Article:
Bruce Ndlovu, Sunday Life Correspondent
WHEN he announced that he would be releasing his album on his birthday on 2 February many fans would have been wondering how the chanter would reinvent himself with his latest effort.
This is because listening to a new Winky album is like a watching a snake shed its old skin and promptly dress up in a new one. Prior to the release of this album he had made it abundantly clear that the Gafa, that enchanting chanter spitting rhymes at machine gun speed was dead. Just like the Ninja president and Bigiman before him.
Winky, it seemed, was about to commit suicide again. With the impending doom of the electrifying Gafa, the question on most minds would have been whether the wordsmith who emerged after the 2 February resurrection would be better than the recently deceased version of Winky D that fans had grown to love.
Fans that have followed Winky through his many transformations will be glad to hear that the chanter has lost none of the electrifying energy and skill that took him to the top of the Zimbabwean music scene and has kept him there.
To begin any discussion on Gombwe without mention of the Vabati VaJehova-assisted Ngirozi would be criminal. The song packs as much emotional punch as Panorwadza moyo and perhaps even surpasses it in terms of sheer craftsmanship. Ngirozi is, simply put, the undoubted highlight of the album. Anyone turning a deaf ear to this masterpiece is simply asking to be struck down with lightning by the music gods.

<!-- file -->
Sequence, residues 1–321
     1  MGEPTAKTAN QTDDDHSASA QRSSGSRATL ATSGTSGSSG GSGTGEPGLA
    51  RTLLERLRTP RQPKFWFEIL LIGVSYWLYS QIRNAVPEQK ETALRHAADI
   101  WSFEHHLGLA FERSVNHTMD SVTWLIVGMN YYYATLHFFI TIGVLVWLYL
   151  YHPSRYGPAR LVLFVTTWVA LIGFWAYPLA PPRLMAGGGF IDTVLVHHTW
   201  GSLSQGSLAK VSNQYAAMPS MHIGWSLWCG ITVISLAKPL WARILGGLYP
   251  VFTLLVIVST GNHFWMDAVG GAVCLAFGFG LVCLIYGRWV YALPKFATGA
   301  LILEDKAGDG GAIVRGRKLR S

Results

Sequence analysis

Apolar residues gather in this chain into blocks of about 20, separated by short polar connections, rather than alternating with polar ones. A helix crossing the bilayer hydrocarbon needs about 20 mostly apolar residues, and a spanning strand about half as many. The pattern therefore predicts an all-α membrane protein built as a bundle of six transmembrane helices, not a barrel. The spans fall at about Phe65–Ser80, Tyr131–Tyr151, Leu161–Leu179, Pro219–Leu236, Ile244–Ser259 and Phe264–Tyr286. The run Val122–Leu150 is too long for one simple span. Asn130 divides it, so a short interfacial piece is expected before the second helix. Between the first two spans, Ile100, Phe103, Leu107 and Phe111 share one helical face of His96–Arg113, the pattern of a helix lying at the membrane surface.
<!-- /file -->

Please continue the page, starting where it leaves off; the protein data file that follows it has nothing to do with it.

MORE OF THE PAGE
On the track Winky speaks to the spirit and when his sermon is over, one could be forgiven for forgetting that this is the same man who has given them countless dance anthems through the years.
Despite his proven track record as a hit-maker, it is when he tries to heal the broken and pained that Winky’s star shines brightest.
It is on this song where Winky earns the right to claim that he is indeed a gombwe, as he reaches new levels of spirituality. As a preacher and healer, the Kambuzuma-born musician is more credible than the dubious miracle dispensing prophets that have invaded the country in recent years. It takes more than trickery disguised as miracles to heal the down and out. That said, song’s mere existence is a miracle on its own.
Vabati and Winky, to the surprise to any ear that has heard this song, is a match made in heaven. How a hit topping dancehall chanter, barefoot masowe crooners and a prolific dancehall producer found each other in the same studio is a story that the architects of this bit of music heaven will have to share one day.
Vabati’s voices are golden on this one, with their delicate voices bringing a mournful touch to another inspired Oskid beat. There’s no hosho or the clap of cupped hands. Just the steady tap tap of another Oskid produced banger. And Vabati, in such unfamiliar dancehall surroundings, sound totally at home.
The angelic Vabati were perhaps performing the last rites on the man previously known as the Gafa. The Gafa is dead and in his place the Gombwe has arrived.